WHICH WAS FOUNDED BY MICHEL
SAINT-DENIS, AND POWYS
HAD BEEN TO MICHEL'S
SCHOOL AT THE
BRISTOL IN LONDON
AND GRADUATED FROM THERE.
AND SO HE AND GASCON FOUNDED
THE NATIONAL THEATRE SCHOOL
BASED ON MICHEL
SAINT-DENIS'S PRINCIPLES
AND PLACED IT IN MONTREAL,
WHERE IT STILL EXISTS,
AND IT WAS A
CO-LINGUAL SCHOOL,
BOTH FRENCH AND ENGLISH.
I SAID TO HIM, WHEN HE WAS
TALKING ABOUT THIS OVER
THE COURSE OF THAT SEASON AT
THE CREST, HOW EXTRAORDINARY;
I WISH I COULD HAVE GONE
SOMEPLACE LIKE THAT.
I WAS VERY HAPPY
AT CARNEGIE TECH,
BUT I KNEW THAT I WAS
MISSING SOMETHING.
AND FINALLY, AFTER I'D SAID
THIS ABOUT THREE OR FOUR TIMES,
POWYS TURNED
TO ME AND HE SAID,
WHY COULDN'T YOU?
AND I SAID, OH, I COULDN'T
POSSIBLY; I'M AN OLD LADY,
I'M 21, I'VE BEEN
THROUGH SCHOOL,
I'VE DONE ALL
THAT BEFORE.
HE SAID, WELL,
THINK ABOUT IT.
AND I FINALLY - AS CALLOW
AS ONE TENDS TO BE
AT THAT AGE - DID
REALIZE THAT IF I WENT,
I WOULD GO WHEN I WAS 22,
AND IF DID ALL THREE YEARS,
I WOULD BE 25
WHEN I GOT OUT.
AND I THOUGHT, THIS IS
THE PROFESSION YOU'RE
GOING TO BE IN FOR THE
REST OF YOUR LIFE.
WHEN YOU'RE 50, YOU MAY
LOOK BACK AND THINK,
25 WAS REALLY QUITE YOUNG.
WHY DON'T YOU DO IT?
AND SO, I DID THAT; I
LITERALLY TOOK A DEEP BREATH
AND MOVED TO MONTREAL.
I LEFT MY APARTMENT IN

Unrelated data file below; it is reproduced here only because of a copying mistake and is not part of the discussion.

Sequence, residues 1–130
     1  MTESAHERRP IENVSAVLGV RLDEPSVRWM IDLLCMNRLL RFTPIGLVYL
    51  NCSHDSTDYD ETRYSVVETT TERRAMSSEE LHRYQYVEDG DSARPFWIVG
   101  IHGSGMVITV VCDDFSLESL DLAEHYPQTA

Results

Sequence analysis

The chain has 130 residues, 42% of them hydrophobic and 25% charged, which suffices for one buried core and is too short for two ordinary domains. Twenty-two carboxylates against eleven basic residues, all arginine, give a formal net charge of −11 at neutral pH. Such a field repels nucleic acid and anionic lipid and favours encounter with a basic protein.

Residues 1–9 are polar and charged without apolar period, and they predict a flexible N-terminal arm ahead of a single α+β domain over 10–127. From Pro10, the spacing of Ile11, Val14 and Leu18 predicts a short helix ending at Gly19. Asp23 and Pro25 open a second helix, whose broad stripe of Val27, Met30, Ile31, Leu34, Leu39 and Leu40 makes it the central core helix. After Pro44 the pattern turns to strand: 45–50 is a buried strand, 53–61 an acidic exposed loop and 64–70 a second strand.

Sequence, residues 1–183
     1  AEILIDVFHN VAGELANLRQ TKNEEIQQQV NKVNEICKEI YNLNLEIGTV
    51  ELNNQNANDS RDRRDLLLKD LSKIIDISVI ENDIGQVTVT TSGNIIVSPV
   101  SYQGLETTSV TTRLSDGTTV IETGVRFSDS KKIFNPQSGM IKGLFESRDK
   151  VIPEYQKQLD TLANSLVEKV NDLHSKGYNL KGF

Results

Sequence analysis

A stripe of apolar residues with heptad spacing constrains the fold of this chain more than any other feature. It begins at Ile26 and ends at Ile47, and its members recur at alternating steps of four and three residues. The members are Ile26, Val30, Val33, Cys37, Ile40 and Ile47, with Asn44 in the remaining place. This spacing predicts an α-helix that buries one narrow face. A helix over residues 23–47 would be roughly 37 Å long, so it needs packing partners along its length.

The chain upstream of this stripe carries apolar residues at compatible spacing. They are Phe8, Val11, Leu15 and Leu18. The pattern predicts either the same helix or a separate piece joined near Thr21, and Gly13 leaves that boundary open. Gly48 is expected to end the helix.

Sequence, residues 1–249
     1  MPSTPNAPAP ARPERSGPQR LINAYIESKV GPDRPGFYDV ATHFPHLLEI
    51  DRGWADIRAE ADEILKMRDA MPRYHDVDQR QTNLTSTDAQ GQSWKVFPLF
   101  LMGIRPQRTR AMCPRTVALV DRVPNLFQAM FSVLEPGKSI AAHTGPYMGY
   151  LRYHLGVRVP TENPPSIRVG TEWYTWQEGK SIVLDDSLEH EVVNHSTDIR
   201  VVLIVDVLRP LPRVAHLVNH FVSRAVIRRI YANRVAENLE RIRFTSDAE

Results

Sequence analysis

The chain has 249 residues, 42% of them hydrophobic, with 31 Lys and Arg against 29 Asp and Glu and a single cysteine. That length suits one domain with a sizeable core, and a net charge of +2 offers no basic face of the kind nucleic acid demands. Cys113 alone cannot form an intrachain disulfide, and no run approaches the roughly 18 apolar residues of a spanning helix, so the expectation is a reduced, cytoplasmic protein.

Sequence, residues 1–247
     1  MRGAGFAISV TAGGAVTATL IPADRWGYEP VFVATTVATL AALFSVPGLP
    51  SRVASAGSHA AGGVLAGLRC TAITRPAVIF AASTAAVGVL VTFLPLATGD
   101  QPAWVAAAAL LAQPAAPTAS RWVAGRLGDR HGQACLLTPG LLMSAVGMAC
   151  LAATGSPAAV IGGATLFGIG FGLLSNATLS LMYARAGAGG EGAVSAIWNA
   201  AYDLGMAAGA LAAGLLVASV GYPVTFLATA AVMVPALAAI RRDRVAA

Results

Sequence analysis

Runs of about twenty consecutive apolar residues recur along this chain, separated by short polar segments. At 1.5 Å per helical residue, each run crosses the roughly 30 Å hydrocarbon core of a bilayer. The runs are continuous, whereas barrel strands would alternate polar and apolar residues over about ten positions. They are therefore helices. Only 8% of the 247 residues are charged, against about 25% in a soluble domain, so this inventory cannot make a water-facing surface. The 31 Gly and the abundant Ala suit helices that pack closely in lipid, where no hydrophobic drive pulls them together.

TORONTO AND I'D MADE
A NUMBER OF WONDERFUL
FRIENDS IN TORONTO,
AND I'D HAD A GREAT
YEAR IN TORONTO WORKING.
AND I'D WORKED
PRETTY WELL NONSTOP.
BUT I KNEW THAT I KEPT
COMING TO A PLACE WHERE
I DIDN'T KNOW WHAT TO DO.
AND I DIDN'T KNOW HOW TO
FIND MY WAY OUT OF IT,
BUT I THOUGHT THAT THIS
SCHOOL LOOKED LIKE
THE POSSIBILITY OF
GIVING ME THE ANSWER.
SO, I WENT FOR A
YEAR-AND-A-HALF,
AND AT THE END OF
THE FIRST YEAR,
WE DID A PRODUCTION OF
MACBETH
IN THE FESTIVAL
THEATRE, ON THE
FESTIVAL STAGE,
VERY KINDLY GIVEN US
BY MICHAEL LANGHAM.
AND MICHAEL CAME TO SEE
IT, AND SO DID A NUMBER
OF OTHER STAFF PEOPLE
AT THE FESTIVAL.
THE FOLLOWING SPRING, I GOT
A CALL IN MONTREAL TO COME
AND PLAY MIRANDA IN
THE
TEMPEST
AND LADY MACDUFF
IN
MACBETH.
I WENT TO POWYS AND I SAID
THAT I'D HAD THIS OFFER,
BUT AS FAR AS I
WAS CONCERNED,
MY COMMITMENT WAS TO
THE THEATRE SCHOOL,
BUT OBVIOUSLY I WAS TORN.
AND POWYS SAID, I
THINK YOU SHOULD GO.
HE SAID, YOU'LL LEARN MORE
THERE NOW IN THE NEXT
YEAR-AND-A-HALF THAN YOU
COULD IF YOU STAYED HERE.
SO, WITH HIS
BLESSING, I WENT;
IT MEANT THAT I BECAME
THE FIRST GRADUATE OF THE
NATIONAL THEATRE SCHOOL -
LITERALLY, THE FIRST ONE.
AND THEY ACTUALLY
SENT ME A CERTIFICATE,
WHICH I THOUGHT WAS
QUITE SWEET OF THEM.
AND THAT CONTINUED MY
EDUCATION, AND IT WASN'T,
I GUESS, UNTIL ROBIN
PHILLIPS CAME
IN THE LATE
'70s THAT I...
YOU CAN'T SAY YOU
FOUND THE ANSWER,
YOU NEVER FIND THE ANSWER,
BUT THAT THE DOOR TO WHAT
I'D BEEN LOOKING FOR OPENED
THROUGH ROBIN'S EYES.

Richard says BUT WHAT HAPPENED IN
THOSE YEARS IN BETWEEN?
YOU WERE BEING
VERY SUCCESSFUL,
BY MOST PEOPLE'S
CRITERIA.
WHAT DID YOU FEEL
ABOUT YOUR WORK?

Martha says AND I ADORED
WHAT I WAS DOING,
AND I GAINED A GREAT
DEAL OF EXPERIENCE,
AND I GOT TO KNOW
SHAKESPEARE,
AND I LEARNED AN ENORMOUS
AMOUNT FROM SHAKESPEARE.
ALTHOUGH I'D GRADUATED
FROM UNIVERSITY,
I DIDN'T REALLY
HAVE AN EDUCATION.
I SPENT ALL MY TIME
BACKSTAGE IN THE THEATRE.
I KNEW HOW TO OPERATE
A SEWING MACHINE AND
HOW TO PAINT A FLAT,
AND I KNEW A FAIR BIT
ABOUT THE HISTORY
OF PLAYWRITING.

Richard says BUT NOT HOW TO
SCAN BLANK VERSE.

Martha says AND HOW TO SCAN BLANK
VERSE, I KNEW ALL THAT,
BUT I DIDN'T REALLY HAVE
MUCH OF AN EDUCATION.
SHAKESPEARE GIVES
YOU AN EDUCATION;
SHAKESPEARE GIVES YOU AN
EDUCATION NOT ONLY ABOUT